I never thought grammar mattered. I never thought grammar mistakes were noticeable, nor so apparent in the countless essays I have written in high school and University. After enrolling into communication studies, and partaking in a mandatory grammar course, I hated grammar even more; however, I learnt how essential and important the use of correct grammar is. Misplaced modifiers, comma splices, dangling modifiers, incorrect grammar structures, such as the ones mentioned, never occurred to me as being important or vital in constructing a sentence. Today however, they are picked a part, easily identified, and searched for by my English and communication professors.
Am I confident in producing pieces of writing without little grammatical errors? No. Am I better at understanding the importance of grammar, and have seen improvements within my writing after taking such courses? Yes.
For example, understanding the use of simplistic words such as your and you’re have helped me identify when to, and not to, use the correct phrases. The use of commas, and semi colon’s have helped enhance my writing and eliminate the use of run-on sentences that frequently occurred within my writing. With insightful knowledge about the importance and correct use of grammar it has helped simplify my writing, and encouraged reader’s to understand the points I am trying to address in my work.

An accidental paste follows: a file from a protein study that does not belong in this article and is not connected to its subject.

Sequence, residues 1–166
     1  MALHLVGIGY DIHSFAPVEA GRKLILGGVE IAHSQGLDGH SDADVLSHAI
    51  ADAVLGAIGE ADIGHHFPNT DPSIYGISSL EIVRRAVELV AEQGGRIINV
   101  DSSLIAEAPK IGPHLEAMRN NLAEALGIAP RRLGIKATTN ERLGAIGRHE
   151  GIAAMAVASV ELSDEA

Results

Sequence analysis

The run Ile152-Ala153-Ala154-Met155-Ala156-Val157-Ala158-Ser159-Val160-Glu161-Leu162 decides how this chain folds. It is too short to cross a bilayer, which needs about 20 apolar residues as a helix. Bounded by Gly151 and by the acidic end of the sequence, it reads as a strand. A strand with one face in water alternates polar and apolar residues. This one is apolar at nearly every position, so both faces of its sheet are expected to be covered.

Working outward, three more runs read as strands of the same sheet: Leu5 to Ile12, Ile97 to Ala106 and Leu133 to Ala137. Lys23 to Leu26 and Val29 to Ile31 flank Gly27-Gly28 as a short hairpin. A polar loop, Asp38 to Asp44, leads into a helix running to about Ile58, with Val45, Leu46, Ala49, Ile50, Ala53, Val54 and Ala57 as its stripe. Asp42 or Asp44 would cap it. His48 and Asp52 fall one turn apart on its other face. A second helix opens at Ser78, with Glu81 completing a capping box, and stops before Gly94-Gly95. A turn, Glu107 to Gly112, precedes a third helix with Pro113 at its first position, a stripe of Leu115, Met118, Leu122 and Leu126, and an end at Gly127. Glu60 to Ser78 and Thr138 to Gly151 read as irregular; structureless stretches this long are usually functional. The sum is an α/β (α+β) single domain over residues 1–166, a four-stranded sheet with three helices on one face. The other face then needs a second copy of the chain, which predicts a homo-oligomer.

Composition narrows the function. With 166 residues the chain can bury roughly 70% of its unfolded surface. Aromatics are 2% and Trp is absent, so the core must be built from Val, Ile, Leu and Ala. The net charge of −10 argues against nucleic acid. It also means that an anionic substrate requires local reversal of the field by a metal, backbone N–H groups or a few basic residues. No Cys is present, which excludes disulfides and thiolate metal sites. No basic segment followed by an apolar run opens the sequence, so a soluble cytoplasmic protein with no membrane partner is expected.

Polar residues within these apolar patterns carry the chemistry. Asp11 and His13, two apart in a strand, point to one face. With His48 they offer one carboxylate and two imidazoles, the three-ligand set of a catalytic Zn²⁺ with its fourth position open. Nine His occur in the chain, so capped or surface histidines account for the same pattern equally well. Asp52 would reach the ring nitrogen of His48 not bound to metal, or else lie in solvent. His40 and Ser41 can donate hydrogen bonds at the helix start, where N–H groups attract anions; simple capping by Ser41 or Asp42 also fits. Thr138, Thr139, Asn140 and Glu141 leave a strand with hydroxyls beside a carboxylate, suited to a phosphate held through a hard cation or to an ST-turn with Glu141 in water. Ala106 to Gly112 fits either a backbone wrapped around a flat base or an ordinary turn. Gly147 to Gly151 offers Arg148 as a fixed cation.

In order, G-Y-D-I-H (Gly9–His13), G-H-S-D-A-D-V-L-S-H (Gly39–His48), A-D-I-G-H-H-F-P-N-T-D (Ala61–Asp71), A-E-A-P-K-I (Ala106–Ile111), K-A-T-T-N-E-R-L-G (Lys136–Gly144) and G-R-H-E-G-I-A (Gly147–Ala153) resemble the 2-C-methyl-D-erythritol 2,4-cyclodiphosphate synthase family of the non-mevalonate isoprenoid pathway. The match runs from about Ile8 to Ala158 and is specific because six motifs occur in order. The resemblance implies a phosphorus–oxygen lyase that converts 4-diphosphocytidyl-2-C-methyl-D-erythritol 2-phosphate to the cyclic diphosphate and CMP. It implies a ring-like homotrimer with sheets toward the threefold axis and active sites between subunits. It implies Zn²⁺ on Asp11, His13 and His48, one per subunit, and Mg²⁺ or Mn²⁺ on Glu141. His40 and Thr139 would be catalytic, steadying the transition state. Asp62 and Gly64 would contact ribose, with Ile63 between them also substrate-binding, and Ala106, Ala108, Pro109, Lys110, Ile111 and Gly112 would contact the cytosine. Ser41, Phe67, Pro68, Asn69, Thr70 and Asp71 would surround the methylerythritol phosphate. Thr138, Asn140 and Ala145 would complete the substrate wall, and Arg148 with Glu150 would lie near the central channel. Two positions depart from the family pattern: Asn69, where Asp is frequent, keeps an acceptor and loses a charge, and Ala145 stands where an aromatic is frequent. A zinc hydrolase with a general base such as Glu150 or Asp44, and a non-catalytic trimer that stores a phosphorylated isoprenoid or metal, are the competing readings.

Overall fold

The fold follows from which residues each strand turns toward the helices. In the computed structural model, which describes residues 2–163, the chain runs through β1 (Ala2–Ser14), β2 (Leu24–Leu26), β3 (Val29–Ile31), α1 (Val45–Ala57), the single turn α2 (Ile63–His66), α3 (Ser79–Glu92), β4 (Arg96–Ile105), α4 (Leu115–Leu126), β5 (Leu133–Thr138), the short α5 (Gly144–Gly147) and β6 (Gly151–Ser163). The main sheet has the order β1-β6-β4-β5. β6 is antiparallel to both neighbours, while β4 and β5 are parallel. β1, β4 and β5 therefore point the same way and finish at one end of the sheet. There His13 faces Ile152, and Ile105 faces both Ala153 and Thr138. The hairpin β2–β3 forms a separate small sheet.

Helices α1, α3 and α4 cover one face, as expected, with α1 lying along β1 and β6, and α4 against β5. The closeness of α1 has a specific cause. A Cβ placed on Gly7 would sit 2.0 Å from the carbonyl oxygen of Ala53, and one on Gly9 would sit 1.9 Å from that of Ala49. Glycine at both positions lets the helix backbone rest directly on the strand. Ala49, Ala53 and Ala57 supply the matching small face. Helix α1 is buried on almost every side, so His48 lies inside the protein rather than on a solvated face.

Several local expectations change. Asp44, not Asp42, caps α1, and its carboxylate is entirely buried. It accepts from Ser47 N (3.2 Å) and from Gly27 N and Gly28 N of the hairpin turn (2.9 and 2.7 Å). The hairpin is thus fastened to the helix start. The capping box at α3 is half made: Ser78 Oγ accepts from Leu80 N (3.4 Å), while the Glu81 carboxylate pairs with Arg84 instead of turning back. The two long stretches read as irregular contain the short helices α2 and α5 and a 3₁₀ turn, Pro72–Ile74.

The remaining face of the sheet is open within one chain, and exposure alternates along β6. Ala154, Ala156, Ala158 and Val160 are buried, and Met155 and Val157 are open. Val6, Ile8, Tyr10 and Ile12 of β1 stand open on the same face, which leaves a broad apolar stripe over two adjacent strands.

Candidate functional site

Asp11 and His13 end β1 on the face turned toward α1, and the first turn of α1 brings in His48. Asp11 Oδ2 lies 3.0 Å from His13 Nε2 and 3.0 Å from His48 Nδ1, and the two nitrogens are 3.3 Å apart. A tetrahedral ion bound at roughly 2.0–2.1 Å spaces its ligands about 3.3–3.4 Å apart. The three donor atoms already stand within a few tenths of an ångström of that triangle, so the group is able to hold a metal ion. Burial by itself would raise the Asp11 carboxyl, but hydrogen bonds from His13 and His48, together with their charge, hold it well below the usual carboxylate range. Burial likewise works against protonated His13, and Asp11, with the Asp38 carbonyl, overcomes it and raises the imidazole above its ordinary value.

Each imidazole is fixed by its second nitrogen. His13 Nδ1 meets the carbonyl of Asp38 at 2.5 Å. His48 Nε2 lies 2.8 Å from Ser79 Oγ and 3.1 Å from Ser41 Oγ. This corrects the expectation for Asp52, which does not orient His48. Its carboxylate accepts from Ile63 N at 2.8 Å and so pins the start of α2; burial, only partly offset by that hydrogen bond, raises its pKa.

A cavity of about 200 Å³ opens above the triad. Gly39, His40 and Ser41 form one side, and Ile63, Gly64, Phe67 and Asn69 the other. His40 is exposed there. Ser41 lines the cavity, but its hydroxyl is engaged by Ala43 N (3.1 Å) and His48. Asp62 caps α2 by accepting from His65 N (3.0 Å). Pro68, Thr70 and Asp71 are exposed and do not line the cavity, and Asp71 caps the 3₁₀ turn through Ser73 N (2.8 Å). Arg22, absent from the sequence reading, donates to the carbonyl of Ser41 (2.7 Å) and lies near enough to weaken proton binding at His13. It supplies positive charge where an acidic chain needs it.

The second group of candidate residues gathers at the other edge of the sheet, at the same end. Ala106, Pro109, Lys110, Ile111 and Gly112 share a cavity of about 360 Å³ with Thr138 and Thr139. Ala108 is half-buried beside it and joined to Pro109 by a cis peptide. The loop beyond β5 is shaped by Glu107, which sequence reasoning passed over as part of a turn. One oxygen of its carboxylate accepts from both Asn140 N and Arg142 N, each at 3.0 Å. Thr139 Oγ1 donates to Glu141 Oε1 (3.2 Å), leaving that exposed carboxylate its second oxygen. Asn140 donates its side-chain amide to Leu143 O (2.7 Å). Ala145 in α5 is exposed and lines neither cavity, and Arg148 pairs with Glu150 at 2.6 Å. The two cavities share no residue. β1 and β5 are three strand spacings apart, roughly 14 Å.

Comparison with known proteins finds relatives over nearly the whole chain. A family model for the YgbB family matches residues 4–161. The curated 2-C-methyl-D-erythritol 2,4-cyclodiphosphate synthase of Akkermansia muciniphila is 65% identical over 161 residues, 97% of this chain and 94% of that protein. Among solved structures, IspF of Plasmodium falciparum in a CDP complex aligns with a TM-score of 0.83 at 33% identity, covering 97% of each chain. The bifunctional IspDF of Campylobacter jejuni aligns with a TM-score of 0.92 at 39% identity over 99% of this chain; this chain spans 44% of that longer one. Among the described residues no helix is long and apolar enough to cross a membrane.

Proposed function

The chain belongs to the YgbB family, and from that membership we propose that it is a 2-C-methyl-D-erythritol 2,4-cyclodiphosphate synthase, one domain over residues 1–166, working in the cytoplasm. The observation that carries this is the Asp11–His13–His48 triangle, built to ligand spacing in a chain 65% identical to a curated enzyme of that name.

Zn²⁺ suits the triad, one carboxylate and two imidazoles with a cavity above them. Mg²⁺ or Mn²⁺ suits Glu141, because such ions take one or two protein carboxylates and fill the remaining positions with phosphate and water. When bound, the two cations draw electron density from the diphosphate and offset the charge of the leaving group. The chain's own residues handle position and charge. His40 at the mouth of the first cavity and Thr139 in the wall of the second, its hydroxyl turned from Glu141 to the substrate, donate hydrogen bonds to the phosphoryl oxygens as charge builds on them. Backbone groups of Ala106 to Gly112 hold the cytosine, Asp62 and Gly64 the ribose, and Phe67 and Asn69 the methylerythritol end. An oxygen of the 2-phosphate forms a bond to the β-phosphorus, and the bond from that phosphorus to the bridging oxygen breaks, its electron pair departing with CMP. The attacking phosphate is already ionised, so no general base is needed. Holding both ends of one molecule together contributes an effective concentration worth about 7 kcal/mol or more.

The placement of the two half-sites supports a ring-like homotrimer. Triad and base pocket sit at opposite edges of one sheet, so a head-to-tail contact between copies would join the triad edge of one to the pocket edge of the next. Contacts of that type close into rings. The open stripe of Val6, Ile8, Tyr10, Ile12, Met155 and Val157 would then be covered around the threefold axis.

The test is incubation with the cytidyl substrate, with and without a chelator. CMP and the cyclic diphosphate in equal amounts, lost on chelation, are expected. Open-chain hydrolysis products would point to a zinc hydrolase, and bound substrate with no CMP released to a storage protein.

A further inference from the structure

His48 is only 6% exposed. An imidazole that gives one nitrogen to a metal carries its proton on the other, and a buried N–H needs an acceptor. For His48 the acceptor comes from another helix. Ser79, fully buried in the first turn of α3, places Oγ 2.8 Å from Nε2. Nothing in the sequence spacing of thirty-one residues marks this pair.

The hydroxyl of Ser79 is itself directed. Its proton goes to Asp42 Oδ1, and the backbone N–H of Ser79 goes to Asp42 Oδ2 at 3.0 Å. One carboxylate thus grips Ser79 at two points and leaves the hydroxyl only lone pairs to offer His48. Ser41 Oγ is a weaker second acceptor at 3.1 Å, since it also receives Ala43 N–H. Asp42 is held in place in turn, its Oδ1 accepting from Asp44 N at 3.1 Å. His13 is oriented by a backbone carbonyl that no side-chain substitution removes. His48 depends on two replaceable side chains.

Grammar within Journalism is hugely essential, and this is why there is heightened importance within these professions that you are competent with grammar. You’re writing in this profession is tailored for large demographics, and if there are errors within your work, what kind of message are you sending out to the general public? What will the public think about you and your work if there are multiple errors within it? Errors portray sloppiness, distrust, and a lack of reliability and credit to your work and integrity. This negative portrayal is enough to deter any journalist from wanting to misuse grammar within their writing.
Therefore, grammar is essential, I still hate it, but recognize its importance. It is finicky, and a skill that many learn, but little understand.
By Zoe Cronin
- There are probably multiple, if not many grammar mistakes or errors within this writing; however, it is a work in progress, and something that I am continually trying to learn, incorporate, and understand in my writing.